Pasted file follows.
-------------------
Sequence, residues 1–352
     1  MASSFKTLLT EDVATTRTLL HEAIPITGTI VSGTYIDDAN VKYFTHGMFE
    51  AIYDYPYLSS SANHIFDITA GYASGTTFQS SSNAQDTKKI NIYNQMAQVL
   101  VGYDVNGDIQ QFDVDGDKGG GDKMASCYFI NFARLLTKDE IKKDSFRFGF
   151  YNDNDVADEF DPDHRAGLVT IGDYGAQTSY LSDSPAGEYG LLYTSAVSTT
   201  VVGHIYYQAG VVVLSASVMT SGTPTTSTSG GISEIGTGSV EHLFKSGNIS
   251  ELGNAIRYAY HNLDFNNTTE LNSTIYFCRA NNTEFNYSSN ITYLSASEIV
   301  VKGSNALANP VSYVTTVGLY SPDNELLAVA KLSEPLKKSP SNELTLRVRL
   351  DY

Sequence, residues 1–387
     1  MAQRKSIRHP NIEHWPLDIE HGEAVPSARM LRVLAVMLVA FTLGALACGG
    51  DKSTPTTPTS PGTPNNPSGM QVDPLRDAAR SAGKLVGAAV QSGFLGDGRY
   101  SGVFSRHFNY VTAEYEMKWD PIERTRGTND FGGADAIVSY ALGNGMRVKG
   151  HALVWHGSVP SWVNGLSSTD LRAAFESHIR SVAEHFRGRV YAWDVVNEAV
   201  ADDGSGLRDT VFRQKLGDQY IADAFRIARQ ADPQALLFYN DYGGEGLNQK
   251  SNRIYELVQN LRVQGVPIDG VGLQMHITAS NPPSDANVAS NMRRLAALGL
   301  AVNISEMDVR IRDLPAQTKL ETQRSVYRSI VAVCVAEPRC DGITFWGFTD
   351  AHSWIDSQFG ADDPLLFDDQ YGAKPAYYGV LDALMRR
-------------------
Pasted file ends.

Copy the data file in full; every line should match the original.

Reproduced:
Sequence, residues 1–352
     1  MASSFKTLLT EDVATTRTLL HEAIPITGTI VSGTYIDDAN VKYFTHGMFE
    51  AIYDYPYLSS SANHIFDITA GYASGTTFQS SSNAQDTKKI NIYNQMAQVL
   101  VGYDVNGDIQ QFDVDGDKGG GDKMASCYFI NFARLLTKDE IKKDSFRFGF
   151  YNDNDVADEF DPDHRAGLVT IGDYGAQTSY LSDSPAGEYG LLYTSAVSTT
   201  VVGHIYYQAG VVVLSASVMT SGTPTTSTSG GISEIGTGSV EHLFKSGNIS
   251  ELGNAIRYAY HNLDFNNTTE LNSTIYFCRA NNTEFNYSSN ITYLSASEIV
   301  VKGSNALANP VSYVTTVGLY SPDNELLAVA KLSEPLKKSP SNELTLRVRL
   351  DY

Sequence, residues 1–387
     1  MAQRKSIRHP NIEHWPLDIE HGEAVPSARM LRVLAVMLVA FTLGALACGG
    51  DKSTPTTPTS PGTPNNPSGM QVDPLRDAAR SAGKLVGAAV QSGFLGDGRY
   101  SGVFSRHFNY VTAEYEMKWD PIERTRGTND FGGADAIVSY ALGNGMRVKG
   151  HALVWHGSVP SWVNGLSSTD LRAAFESHIR SVAEHFRGRV YAWDVVNEAV
   201  ADDGSGLRDT VFRQKLGDQY IADAFRIARQ ADPQALLFYN DYGGEGLNQK
   251  SNRIYELVQN LRVQGVPIDG VGLQMHITAS NPPSDANVAS NMRRLAALGL
   301  AVNISEMDVR IRDLPAQTKL ETQRSVYRSI VAVCVAEPRC DGITFWGFTD
   351  AHSWIDSQFG ADDPLLFDDQ YGAKPAYYGV LDALMRR